In a country of continental dimensions, with a strong and millennial culture, its own alphabet, and more than 1.3 billion inhabitants, arriving from abroad and winning the trust and friendship of the locals can be more complicated than elsewhere, especially for Westerners.
For companies, the reality is no different. As fascinating as it is distant, the Chinese market is a platonic love for any brand that dreams of expanding its horizons. Even powerful, world-famous brands find it difficult to establish themselves, especially when they try to implement a global strategy, without customizing their products and communicating to the specificities of the Chinese market.
As in any country, to really immerse yourself in the local culture it is important to “speak the same language”, to understand the linguistic and social nuances, the jargon. If you are not a Daren 达人 (an expert) on the subject, check out this article with 16 Terms you have to know to do Digital Marketing in China. Still, that may not be enough.
The strategy needs to be customized for the Chinese market
This point seems obvious, but it is important to keep it in mind. Your marketing in China can be played independently of your so-called global actions and strategies, and in many ways, it is actually better than it is.
Relying on an isolated and peculiar ecosystem protected by the Great Firewall, not only does all content need to be in Mandarin, but it must also suit the Chinese platforms, with their own formatting, their own algorithms, and Mandarin keywords.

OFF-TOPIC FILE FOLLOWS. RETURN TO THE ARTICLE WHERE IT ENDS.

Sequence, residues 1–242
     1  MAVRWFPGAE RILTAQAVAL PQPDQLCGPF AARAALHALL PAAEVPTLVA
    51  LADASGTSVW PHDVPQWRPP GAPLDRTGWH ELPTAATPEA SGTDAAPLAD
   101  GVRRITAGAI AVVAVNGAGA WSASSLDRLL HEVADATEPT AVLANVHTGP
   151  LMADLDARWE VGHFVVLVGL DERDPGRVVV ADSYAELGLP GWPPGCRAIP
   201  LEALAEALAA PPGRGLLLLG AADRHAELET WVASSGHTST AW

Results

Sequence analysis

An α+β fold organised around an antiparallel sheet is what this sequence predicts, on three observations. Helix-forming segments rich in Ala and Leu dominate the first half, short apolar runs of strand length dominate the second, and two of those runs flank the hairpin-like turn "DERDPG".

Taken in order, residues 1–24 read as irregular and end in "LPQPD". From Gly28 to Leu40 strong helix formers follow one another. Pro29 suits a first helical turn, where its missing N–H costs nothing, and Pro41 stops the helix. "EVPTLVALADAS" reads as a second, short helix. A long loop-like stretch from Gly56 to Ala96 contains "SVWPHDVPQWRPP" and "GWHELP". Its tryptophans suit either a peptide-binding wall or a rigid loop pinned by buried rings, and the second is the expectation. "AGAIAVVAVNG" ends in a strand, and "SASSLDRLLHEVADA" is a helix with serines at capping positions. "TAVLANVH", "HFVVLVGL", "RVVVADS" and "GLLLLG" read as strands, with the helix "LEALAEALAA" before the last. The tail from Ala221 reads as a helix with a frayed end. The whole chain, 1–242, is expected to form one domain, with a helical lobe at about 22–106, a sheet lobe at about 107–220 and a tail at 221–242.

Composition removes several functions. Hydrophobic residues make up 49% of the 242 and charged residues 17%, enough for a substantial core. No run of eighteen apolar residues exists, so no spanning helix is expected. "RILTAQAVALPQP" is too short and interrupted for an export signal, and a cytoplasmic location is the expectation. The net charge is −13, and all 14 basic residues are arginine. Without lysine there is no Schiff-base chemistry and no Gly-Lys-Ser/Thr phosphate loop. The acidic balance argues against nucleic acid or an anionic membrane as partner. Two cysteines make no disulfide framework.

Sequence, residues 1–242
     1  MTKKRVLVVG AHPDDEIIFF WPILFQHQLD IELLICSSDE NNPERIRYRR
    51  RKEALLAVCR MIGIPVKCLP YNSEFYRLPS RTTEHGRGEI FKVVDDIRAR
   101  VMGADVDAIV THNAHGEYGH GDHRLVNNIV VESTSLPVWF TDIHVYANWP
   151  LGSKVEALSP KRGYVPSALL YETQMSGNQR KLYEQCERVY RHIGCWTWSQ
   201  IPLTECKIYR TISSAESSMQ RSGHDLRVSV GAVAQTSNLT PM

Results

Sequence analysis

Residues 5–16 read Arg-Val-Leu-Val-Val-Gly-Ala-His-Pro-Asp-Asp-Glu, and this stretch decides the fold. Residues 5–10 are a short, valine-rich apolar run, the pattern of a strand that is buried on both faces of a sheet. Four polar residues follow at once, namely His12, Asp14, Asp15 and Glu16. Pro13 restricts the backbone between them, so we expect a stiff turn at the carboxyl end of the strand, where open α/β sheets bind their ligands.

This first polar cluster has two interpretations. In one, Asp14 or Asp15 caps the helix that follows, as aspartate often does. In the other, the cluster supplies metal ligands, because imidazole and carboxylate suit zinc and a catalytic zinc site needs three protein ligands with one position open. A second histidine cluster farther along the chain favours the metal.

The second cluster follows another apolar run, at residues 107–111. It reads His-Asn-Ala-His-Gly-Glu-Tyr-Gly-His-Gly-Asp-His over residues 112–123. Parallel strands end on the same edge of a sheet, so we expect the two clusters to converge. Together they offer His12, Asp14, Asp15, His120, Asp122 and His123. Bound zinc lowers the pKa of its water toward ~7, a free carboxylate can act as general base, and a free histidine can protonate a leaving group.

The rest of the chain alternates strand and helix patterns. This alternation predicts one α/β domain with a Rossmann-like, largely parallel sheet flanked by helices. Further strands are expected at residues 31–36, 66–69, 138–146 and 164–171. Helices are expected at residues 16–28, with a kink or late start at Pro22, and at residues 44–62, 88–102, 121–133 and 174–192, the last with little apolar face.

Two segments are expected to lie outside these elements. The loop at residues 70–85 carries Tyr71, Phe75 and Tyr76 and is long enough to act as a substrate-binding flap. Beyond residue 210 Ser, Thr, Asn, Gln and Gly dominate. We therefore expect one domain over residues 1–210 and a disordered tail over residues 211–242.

The consequence of this is that your China marketing should not be based on the materials you already distribute in the West. New keywords, banners, logos, visual identity, etc. should be created according to your local market offering. Content that you already have abroad will often not be seen or considered relevant by the Chinese audience.
It is important to remember that the Great Firewall to which he refers prevents Western technology giants from penetrating that country. Facebook, Google, Uber, and LinkedIn simply do not exist in China. The digital landscape there is completely different and that changes… everything!
In summary, it is necessary to keep in mind that we are talking about a different digital universe. So forget Google and its algorithms, Facebook and its ads, and even the keywords used in other languages.
Just like in biology or linguistics, where geographically separated areas eventually lead to the development of completely different landscapes,
Other social networks used in China
You may be asking yourself: without Facebook, how do people keep up to date on such relevant things as who among their classmates at school got married last year? Many in the West already know or have heard of WeChat, known as the Super-Platform, or the App for everything, due to its huge number of features and “sub-platforms”. But WeChat is not the only platform used by the Chinese, and some others are even more suitable depending on the objectives of their campaigns.
The Chinese social networking universe is even more fragmented than in the West, but of course, we have some main, dominant characters.
We have for example the super-platform WeChat, but WeChat is not an open social network. It is actually an application focused on communication and commerce. In fact, WeChat is not a good channel to distribute or consume content from influencers.